I’ve made decent progress in the last two days, progressing across Wyoming’s arid plains through buttes, canyons, ranches and sagebrush country. I’ll be in this state for longer than most – I believe I was in Michigan for around two weeks, and Wyoming will be the first to even come close to challenging that, through I doubt it will beat the record.
Unlike Michigan, though, the scenery is getting more and more exciting. Giant buttes rise above the ranges, antelope run ahead of me for miles, crisscrossing the highway looking for a gap in the endless fences, and iconic flat-topped mesas even appear, their profiles evoking images of cowboy country from afar. Of course, any notions of freely ranging across the landscape (even if I had a mountain bike) are pinched by the reality of absolutely everything being fenced in, presumably as private range land. I think you’ve got to go still further west (and south) to find much in the way of unrestricted wandering. But I long ago decided this trip would be on pavement, and in any case my only mountain bike is currently in Sde Boker awaiting a buyer, so it’s a moot point.
More importantly, a climb over a small pass brought me within view of the Rocky Mountains today. The Bighorn range, to be precise. It is separated from the main mountain chain by more wide basins, connected by just a thin thread of the lower Owl Creek and Bridger ranges, which I’ll be cutting across on the scenic route to Jackson Hole. If I’d been taking the classic TransAmerica Trail across Kansas into Colorado, I’d have hit the Rocky Mountain front some distance to the east; Wyoming is more spaced out and doesn’t present the main body of the mountains quite so soon. But I think my route is superior to the TransAm in a lot of ways. I skipped the endless up and down the steep hills of the Appalachians, and the even more notorious Ozarks. My route across the plains took me through fairly scenic Iowa and northern Nebraska, then South Dakota’s iconic hills, so that I haven’t had a truly boring day of riding since Illinois. Kansas is not known for such variety.
I’ll connect with the TransAm next week, south of the Owl Creeks, and ride it into Grand Teton and Yellowstone. If I make it in time, I’ll have w place to stash my bike in Jackson courtesy of a total stranger (fellow bike tourist) who I met about 20 miles out of Philly. Then I can rent a backpack and go into the Tetons for a night or two. After winding at a leisurely pace through Yellowstone, I’ll part ways with the TransAm (hopefully having enjoyed the company of temporary riding companions, as the route will probably be relatively packed with cross-country bikers) and weave across Idaho’s basins and mountains – taking in at least one climb which after seeing on Google Maps, I uttered some choice remarks – toward my next destination, Boise, where I’ll be able to see some far flung relatives. That climb is on 21 just south of Lowman, ID. Take a look on Google Earth or Maps with the topography layer on. Hopefully I’ll be ready.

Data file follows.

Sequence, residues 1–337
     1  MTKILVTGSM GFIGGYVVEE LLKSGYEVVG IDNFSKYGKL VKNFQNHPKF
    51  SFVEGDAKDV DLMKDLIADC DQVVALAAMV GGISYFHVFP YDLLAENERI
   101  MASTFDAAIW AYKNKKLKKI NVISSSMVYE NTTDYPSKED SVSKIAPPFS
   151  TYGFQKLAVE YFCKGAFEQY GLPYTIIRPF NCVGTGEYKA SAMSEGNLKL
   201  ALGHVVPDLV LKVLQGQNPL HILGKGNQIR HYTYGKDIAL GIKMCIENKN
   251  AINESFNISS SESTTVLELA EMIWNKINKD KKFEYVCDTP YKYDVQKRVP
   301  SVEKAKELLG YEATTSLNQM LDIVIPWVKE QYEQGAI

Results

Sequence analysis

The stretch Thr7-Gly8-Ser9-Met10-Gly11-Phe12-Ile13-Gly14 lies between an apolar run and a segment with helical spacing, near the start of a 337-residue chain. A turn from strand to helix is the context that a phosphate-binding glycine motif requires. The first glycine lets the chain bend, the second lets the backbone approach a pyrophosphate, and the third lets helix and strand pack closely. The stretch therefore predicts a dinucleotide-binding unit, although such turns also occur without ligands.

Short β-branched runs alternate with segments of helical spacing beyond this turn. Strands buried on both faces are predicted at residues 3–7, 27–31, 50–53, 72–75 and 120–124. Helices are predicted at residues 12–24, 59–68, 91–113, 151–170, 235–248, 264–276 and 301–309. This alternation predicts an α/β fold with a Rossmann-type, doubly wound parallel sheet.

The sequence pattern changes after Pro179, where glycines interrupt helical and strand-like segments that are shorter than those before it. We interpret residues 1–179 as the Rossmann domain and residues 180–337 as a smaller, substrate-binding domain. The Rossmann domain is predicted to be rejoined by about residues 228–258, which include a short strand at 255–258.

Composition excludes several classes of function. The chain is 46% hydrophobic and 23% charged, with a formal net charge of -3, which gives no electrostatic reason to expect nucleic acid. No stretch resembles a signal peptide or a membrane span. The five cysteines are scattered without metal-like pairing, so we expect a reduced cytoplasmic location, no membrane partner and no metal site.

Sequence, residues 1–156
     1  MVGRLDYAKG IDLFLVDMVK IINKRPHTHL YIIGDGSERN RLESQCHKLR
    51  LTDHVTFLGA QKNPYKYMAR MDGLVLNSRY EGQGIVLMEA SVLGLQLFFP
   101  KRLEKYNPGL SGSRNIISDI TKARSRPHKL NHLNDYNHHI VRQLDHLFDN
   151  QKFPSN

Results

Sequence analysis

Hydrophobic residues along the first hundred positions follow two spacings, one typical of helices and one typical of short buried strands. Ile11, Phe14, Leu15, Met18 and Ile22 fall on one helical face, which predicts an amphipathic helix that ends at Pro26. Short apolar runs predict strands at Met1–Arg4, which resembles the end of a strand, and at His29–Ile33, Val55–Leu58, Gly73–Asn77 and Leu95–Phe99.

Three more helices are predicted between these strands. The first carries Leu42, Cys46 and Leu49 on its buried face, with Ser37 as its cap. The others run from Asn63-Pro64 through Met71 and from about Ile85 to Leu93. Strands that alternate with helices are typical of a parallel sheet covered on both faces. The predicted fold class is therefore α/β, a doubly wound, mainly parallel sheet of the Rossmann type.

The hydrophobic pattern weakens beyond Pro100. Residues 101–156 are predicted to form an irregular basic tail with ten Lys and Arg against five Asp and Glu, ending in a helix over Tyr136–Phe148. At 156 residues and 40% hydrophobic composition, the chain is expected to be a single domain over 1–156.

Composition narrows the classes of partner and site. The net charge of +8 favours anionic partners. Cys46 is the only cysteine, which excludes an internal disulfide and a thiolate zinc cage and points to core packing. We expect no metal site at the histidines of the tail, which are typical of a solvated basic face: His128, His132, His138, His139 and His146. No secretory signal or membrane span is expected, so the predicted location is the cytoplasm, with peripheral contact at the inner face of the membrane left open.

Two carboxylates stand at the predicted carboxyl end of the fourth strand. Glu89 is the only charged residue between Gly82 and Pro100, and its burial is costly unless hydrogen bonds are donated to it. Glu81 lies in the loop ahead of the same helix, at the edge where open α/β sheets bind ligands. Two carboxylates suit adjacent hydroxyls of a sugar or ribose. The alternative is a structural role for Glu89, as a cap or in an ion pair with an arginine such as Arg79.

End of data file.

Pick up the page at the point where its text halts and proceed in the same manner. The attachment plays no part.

Anyway. First sight of the Rockies, very exciting. The jagged blue profile and iridescent snowfields just peeked above the nearer hills at first, then rose into full, wide profile after the next bend in the road. There’s no view like it, until you get even closer. My first real western climb awaits on US 16 out of Buffalo; I’ll camp on top before coasting down as a morning wake-up ride.
Tomorrow I’ll be treated to mountain views all day. This is what bike touring across America is actually about. Michigan has lakes and Iowa has nice people, but nobody sets out for the West Coast with visions of friendly cornfields dancing in their head. It’s the snowy mountains that wait beyond that you’re really looking for. It still baffles me that people, particularly those for whom such a ride is the trip of s lifetime rather than one tour of many, actually choose to ride west to east. I can’t imagine what a slog the crowded, steep-billed east would be after leaving the best of the continent far behind.
I also wonder how many of those poor souls were led into eastbound purgatory by the pernicious myth – I’ve concluded that’s what it is – that the wind always blows from the west. I haven’t kept actual stats from my jotted notes, but I can pretty confidently say that the wind has come from every compass point in about equal proportion over the course of my ride, and very confidently say that for every day with a nasty headwind (like two days ago) there’s been at least one with a solid tailwind ( like yesterday) and plenty like today where the wind is behind me for a time even if it’s perpendicular later. If only the propagators of this urban legend knew how many fellow cyclists they were leading into poorly-informed decisions!
Into the industrial wasteland along the I-90 corridor into Gillette. There I got a spot at a mediocre campgrlund (still way cheaper than a motel) and found a brew pub. Very tasty beer; not so great pizza. Can’t win ’em all.
Clearmont. I swung open the saloon doors. The piano music stopped and you could hear the dust settle as the biggest, surliest fellow in the place glared at me and growled, “I don’t much like the look of your face. You best move on or fill your hand.” Little did he know I made a name for myself as the quickest draw east of Cobb’s Creek, and before he knew it the whiskey bottles on the shelves behind him were exploding and he had to scramble over the bar for cover. Unfortunately the local sheriff didn’t take too kindly to this, having made it his mission to run all the bushwhackers and blackguards out of Sheridan County. That’s how I ended up spending tonight in the historic Clearmont jail.
Nah, actually I rolled in and chatted with some biker brothers from Iowa, then ran into the mayor who got me set up to camp behind the town store. The old west just ain’t what it used to be. Still, beats being tarred and feathered.